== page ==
Seeing the door of the nearest house open a crack, she froze.
The door opened wider, and a sleek, hairless white cat with outsize ears and large slanted eyes sneaked outside. It looked around as though proud of its accomplishment, then sat back on its haunches and washed its face.
A ghost cat?
Becka felt a giggle percolate to her throat. She tried to swallow her amusement, but a tiny gurgle escaped.
The cat swiveled its head in her direction and focused its luminescent eyes on her.
She gazed at the hairless creature, unable to look away. What is it they say about staring too long into the abyss? Make sure it isn’t staring back at you?
She shivered, but still couldn’t avert her eyes.
Suddenly, with one liquid motion, the cat sprang to its feet and streaked toward her.
She stumbled into the cabin and slammed the door. She leaned against it for a moment, then tiptoed to the living room window and peeked outside.
The town had vanished. In its place was what she had expected to see all along: the light of the moon reflecting off the bare ground, exposing faint lines — like an architectural diagram — where the houses had once stood. As she watched, the diagram faded, and she knew, even though she couldn’t see it from this window, that the last sliver of moon had set.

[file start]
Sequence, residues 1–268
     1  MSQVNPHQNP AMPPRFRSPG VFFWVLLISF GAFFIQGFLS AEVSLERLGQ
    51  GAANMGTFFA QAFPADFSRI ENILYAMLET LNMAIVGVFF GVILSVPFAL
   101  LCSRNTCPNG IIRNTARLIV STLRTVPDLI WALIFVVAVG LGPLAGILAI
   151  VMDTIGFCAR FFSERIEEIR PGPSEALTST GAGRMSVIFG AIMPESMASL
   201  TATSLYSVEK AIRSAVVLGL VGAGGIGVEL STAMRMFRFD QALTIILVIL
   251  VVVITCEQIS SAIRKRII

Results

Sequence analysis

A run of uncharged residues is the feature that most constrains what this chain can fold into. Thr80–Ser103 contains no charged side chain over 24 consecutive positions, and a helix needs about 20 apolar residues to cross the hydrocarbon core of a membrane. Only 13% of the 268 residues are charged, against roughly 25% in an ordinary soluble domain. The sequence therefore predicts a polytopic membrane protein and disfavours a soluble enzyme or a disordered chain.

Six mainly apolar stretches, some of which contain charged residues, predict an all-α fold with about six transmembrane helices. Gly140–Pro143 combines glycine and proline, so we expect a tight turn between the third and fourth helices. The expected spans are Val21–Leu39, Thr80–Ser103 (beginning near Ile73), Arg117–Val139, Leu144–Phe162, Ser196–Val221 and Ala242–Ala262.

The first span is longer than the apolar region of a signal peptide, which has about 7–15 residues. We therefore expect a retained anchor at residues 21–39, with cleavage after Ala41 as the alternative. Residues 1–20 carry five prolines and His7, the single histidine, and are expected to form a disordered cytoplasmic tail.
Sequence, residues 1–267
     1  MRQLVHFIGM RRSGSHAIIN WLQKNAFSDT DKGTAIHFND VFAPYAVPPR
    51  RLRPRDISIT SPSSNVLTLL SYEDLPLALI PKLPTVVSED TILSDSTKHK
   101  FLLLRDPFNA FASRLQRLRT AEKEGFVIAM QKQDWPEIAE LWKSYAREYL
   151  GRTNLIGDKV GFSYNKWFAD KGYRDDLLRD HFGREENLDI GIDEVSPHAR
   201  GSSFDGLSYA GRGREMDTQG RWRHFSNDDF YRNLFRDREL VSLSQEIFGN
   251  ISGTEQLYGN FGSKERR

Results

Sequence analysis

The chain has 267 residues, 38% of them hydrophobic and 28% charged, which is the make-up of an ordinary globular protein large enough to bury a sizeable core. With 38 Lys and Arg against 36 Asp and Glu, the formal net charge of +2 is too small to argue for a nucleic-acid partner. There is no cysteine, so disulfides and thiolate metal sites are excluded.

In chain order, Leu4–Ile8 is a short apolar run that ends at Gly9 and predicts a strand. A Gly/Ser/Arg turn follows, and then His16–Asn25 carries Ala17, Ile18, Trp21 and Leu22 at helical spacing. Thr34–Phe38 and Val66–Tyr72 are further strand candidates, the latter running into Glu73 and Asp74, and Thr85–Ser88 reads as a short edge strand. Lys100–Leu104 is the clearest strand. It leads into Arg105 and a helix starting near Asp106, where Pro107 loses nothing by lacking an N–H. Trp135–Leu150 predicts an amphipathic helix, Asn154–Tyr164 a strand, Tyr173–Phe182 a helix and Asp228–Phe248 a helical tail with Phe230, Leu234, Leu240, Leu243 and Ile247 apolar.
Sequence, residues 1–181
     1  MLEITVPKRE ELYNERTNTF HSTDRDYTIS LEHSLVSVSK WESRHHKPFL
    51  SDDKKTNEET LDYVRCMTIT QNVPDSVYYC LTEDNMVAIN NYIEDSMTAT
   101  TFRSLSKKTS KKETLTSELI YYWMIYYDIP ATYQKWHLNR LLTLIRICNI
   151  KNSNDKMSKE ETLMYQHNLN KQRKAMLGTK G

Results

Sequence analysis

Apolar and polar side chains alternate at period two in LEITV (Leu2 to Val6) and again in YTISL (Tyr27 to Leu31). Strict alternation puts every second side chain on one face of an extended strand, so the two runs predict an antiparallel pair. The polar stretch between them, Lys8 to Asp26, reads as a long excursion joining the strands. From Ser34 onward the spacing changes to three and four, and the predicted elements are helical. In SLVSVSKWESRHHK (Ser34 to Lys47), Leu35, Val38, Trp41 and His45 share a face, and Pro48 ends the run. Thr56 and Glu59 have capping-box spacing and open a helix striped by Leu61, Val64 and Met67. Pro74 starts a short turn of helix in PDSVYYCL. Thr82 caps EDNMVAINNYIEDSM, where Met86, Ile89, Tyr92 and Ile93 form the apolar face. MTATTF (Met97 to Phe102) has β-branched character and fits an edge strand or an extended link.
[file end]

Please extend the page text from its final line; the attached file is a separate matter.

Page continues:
She continued to look out at the gray, pre-dawn world, thinking about what she had seen when she’d stepped onto the porch. Had it been an optical illusion? A waking dream?
A breath of cold air climbed up her back, giving her the skin-crawling feeling that a shadowy being crouched in the dim recesses of the room . . .
Watching . . .
Waiting . . .
She turned around slowly, and clutched at her chest.
The ghost cat was inside the house.
And so was something else.
Catherine Stine says
The description of your research was also cool. Algeria is a place that has always fascinated me. I’m a fan of Camus and he certainly wrote lots about Algeria, having grown up there.
Pat Bertram says
Thank you for the interview, Donna! I’m delighted to be featured on your website.
Catherine, thank you for stopping by. The world is a fascinating place, that’s for sure!
Sheila Deeth says
What a lovely title you picked for this post. I love Pat’s answer to the kind of reader she writes for. Please count me among that growing number that love your books.
Sheila, I agree! We have to be our audience as well as write for them – and then our passion for our writing shines through.
LV Gaudet says
This and Pat’s other books were an enjoyable read. I’m waiting to find out how the end of Daughter Am I winds up.